Empowering Shoppers and Brands: The Latest Trends in Online Fashion Retail

Fashion shoppers and brands demand more than monotonous ‘scroll and buy’ experiences. New trends are already redefining online fashion retail, are you following them?

Shopping for fashion online has become widespread, especially for millennials who now buy 20% of their clothing on the internet, according to WWD.

And the big online retailers, led by Amazon, deserve credit for having found ways to offer reliable and trustworthy shopping experiences with easy and secure payments, flexible deliveries and often free returns. By establishing this trust in the online shopping process, a big milestone has been reached that allows online fashion retail to leave its infancy.
As a result, shoppers and brands now expect even more from their digital experiences. I have therefore spent the past weeks looking at a number of emerging trends that will help online fashion shopping grow by another 40% until 2021, according to Statista.

I initially found myself overwhelmed by the sheer amount of innovation and number of new technologies that appear on an almost daily basis. But then I started to notice that many efforts are focusing on providing new functionalities that let users make better decisions about what and how to buy, and on new ways for brands to take advantage of digital retail in a ‘platformised’ world.

In short, a great deal of innovation is concerned with empowering users and brands alike. Those are the examples I will share with you here.

Turning Users Into Curators and Influencers

The process of buying online is usually divided into a series of distinct steps. The first step is when users decide what to buy. Simply put, it’s about inspiration. And when it comes to this topic, 35% of shoppers, according to McKinsey, say that they rely on recommendations from their social networks.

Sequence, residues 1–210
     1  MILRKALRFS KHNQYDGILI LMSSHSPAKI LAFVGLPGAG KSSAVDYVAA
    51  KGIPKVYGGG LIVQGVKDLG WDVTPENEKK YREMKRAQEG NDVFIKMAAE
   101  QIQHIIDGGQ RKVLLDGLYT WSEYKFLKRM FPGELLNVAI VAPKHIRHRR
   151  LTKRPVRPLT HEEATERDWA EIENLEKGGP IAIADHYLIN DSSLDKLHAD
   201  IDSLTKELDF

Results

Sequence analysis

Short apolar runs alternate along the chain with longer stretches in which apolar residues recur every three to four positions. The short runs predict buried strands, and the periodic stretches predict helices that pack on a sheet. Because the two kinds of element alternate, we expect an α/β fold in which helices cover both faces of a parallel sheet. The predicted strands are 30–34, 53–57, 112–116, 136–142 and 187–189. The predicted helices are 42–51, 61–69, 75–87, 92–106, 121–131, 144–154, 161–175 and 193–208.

It therefore didn’t surprise me to find a trend to better integrate how users are inspired into the buying journey by further integrating social media and shopping. The goal here being to give users more control over the recommendations they get and the purchases those can generate.

For many online retailers, inspiring users is divided between creating content for 3rd party social media platforms like Instagram on the one hand, and own editorial content on their websites on the other. However, when it comes to streamlining the shopping journey and making it easier for users to get inspired and buy, two paths are emerging.

The first path consists of social media platforms’ efforts to move into the shopping world. Indeed, both Instagram and Pinterest have added payment options to enable users to directly buy products without having to leave their platforms. With millions of active users and a large base of popular influencers, succeeding in properly integrating the purchase process would give those social media platforms a big advantage.

The second path sees some shopping platforms try to become more like social networks. Two interesting examples of this move:

  • 21Buttons, an app that lets users make Instagram-like posts and then tag products within photos. Users can even earn commissions when the products they show are bought.
online fashion

(Source: 21Buttons)

  • Polyvore, a site that lets users create and share shoppable product combinations.
online fashion

(Source: Polyvore)

In both cases, users are simultaneously put into the role of curators and influencers who help others with their selection, and into the role of active spectators, selecting who they follow to easily find products they are likely to love and buy.

The success of such models remains to be proven (Polyvore recently disappeared), but efforts to leverage social shopping to turn users into curators, influencers and active spectators are likely to continue.

Providing Shoppers with New Ways to Buy

After inspiration, the second step is the ‘journey’ to buy. According to McKinsey, in the US, 70% of online shoppers request more personalised journeys in a context where platforms like Amazon and Zalando feature hundreds of thousands (or even millions) of products that are hard to sift through with a simple ‘scroll and buy’ experience.

online fashion

     (Source: Spring)

In a similar way to the ability of creating playlists in popular music apps, shoppers now demand more control over what they see and buy, with ways to easily and quickly filter out irrelevant products or have access to personalised experiences.